Tuesday, August 30, 2011

From 1984 to We

While performing some research on George Orwell's, 1984, I read that a book that inspired him was Yevgeny Zamyatin's 1924 novel, We. In Orwell's estimation, "Zamyatin's intuitive grasp of the irrational side of totalitarianism -- human sacrifice, cruelty as an end in itself -- makes We superior to [Aldous] Huxley's Brave New World."

I didn't hold out much hope that I would find this old Russian dystopian novel in my local library system, but I looked anyway. To my utter surprise, not only were there several copies available, but one of those copies was housed at the Raymond Public Library. (Since Raymond is but 4 miles from South Bend, I went over there this afternoon and snatched up the book.) I even learned that one of the Assistant Librarians is fascinated by dystopian literature and had just finished reading We. So, you should expect to see several posts from themes in that book.

For now, I am putting 1984 aside. Below I will list all the posts to date that were focused on various aspects of Orwell's classic novel. I am certainly not saying this represents the end of this miniseries. I have no doubt that I will add a few more posts in the future.


  1. I've read all three, but didn't much care for "We". I found it to be very difficult to follow. Didn't like the writing style. Though I may attempt another reading sometime. If I were you, I would give "Brave New World" another chance. And of course Huxley also wrote a follow up book "Brave New World Revisited". I thought they were both exceptionally excellent books.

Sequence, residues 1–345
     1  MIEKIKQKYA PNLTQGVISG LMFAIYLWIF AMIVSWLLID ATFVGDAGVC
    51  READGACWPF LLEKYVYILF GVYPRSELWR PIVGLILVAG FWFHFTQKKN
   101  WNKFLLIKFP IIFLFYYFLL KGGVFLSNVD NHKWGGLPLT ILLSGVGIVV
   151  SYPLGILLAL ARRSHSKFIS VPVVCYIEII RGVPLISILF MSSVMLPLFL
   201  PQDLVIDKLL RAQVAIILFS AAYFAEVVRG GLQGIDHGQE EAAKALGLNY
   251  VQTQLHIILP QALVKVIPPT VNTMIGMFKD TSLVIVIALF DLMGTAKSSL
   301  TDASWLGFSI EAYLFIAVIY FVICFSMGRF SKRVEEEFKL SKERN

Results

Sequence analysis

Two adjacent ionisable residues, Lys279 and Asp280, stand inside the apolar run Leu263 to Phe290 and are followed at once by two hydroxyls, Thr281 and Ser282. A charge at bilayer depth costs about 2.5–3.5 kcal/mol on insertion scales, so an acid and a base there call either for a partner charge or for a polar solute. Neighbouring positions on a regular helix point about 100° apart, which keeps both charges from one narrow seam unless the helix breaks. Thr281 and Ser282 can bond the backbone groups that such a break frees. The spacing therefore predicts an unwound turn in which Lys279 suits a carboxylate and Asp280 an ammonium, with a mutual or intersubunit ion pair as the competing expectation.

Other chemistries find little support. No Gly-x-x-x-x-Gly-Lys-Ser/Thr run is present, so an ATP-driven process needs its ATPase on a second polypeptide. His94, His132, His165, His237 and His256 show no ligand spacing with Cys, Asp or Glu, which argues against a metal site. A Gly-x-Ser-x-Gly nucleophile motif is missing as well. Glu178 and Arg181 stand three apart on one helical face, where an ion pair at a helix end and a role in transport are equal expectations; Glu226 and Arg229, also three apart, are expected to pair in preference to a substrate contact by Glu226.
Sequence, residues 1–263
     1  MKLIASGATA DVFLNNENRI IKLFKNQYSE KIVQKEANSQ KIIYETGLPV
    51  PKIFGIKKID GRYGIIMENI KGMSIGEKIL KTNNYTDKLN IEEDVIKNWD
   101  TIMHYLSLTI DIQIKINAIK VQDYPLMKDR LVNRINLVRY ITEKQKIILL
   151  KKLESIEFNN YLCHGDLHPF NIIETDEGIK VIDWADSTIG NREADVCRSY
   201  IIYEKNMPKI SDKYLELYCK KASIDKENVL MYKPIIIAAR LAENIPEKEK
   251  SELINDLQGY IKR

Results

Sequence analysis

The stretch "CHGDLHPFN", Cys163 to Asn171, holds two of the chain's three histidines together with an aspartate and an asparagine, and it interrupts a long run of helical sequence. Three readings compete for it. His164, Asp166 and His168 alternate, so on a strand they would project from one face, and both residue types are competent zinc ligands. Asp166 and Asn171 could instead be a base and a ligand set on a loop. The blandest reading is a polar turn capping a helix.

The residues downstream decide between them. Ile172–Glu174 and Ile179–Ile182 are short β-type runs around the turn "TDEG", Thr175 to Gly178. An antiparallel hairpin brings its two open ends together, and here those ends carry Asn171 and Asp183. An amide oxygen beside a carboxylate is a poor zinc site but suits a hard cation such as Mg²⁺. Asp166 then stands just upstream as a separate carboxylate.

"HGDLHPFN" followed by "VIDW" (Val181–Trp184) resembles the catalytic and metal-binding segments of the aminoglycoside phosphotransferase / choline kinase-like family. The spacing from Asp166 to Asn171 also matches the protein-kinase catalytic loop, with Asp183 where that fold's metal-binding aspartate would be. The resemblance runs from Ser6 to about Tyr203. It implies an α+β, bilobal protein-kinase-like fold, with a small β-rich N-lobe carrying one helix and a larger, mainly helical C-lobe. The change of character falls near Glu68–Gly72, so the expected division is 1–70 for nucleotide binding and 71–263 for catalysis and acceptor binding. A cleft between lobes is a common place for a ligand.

If you're looking for more books on this dystopian "totalitarian theme" I'd also recommend Margaret Atwood's "A Handmaid's Tale". And of course Hannah Arendt's non-fiction classic "Origins of Totalitarianism". If I can think of any more, I'll let you know.

  2. I certainly do plan to read Brave New World followed by Ray Bradbury's Fahrenheit 451. I'll add the two books you've suggested to my reading list.

  3. I reread "Brave New World" a few years ago, on a train, and found it, more than anything, quaint.

    The Handmaid's Tale is very disturbing. But in addition to fiction, you might read any of the stories of people who lived through the Chinese Cultural Revolution; the real thing is even more disturbing than fiction.

  4. Have any specific book suggestions along that line?

  5. And if you are interested in video, try to find "The Prisoner," Patrick McGoohan's fantastic series from 1967, probably one of the finest pieces of television ever. McGoohan controlled the whole thing. It was kind of a follow-on to Secret Agent Man, ran in the US as a summer replacement series for The Jackie Gleason Show. One episode was never aired in the US because it was deemed too anti-Vietnam-war.

    One of the great lines, on a sign in the Village, was:
    "Questions are a burden for others. Answers are a prison for oneself."


    As Number 6 always said, "Be seeing you."

  6. Re: the Cultural Revolution. There are so many accounts, I have to look through my library, but just a cursory poke in my (messy) shelves reveals "Red in Tooth and Claw," by Pu Ning; "Red China Blues", by Jan Wong; "Spider Eaters", by Rae Yang; also a book of interviews called China Witness by Xin Ran (that is a little broader than just the Cultural Revolution. Anchee Min has written a couple of novels that deal with the subject ("Kathryn" and "Red Azalea") . There are also plenty of accounts about earlier periods--the famine of 1958-62 is a hot topic right now. I'm sure your Assistant Librarian can help you find something.

  7. You can also read "We" online at http://www.scribd.com/doc/55551871/Zamyatin-Yevgeny-We. Scribd.com is a great place to check for books and articles if your library doesn't have something.


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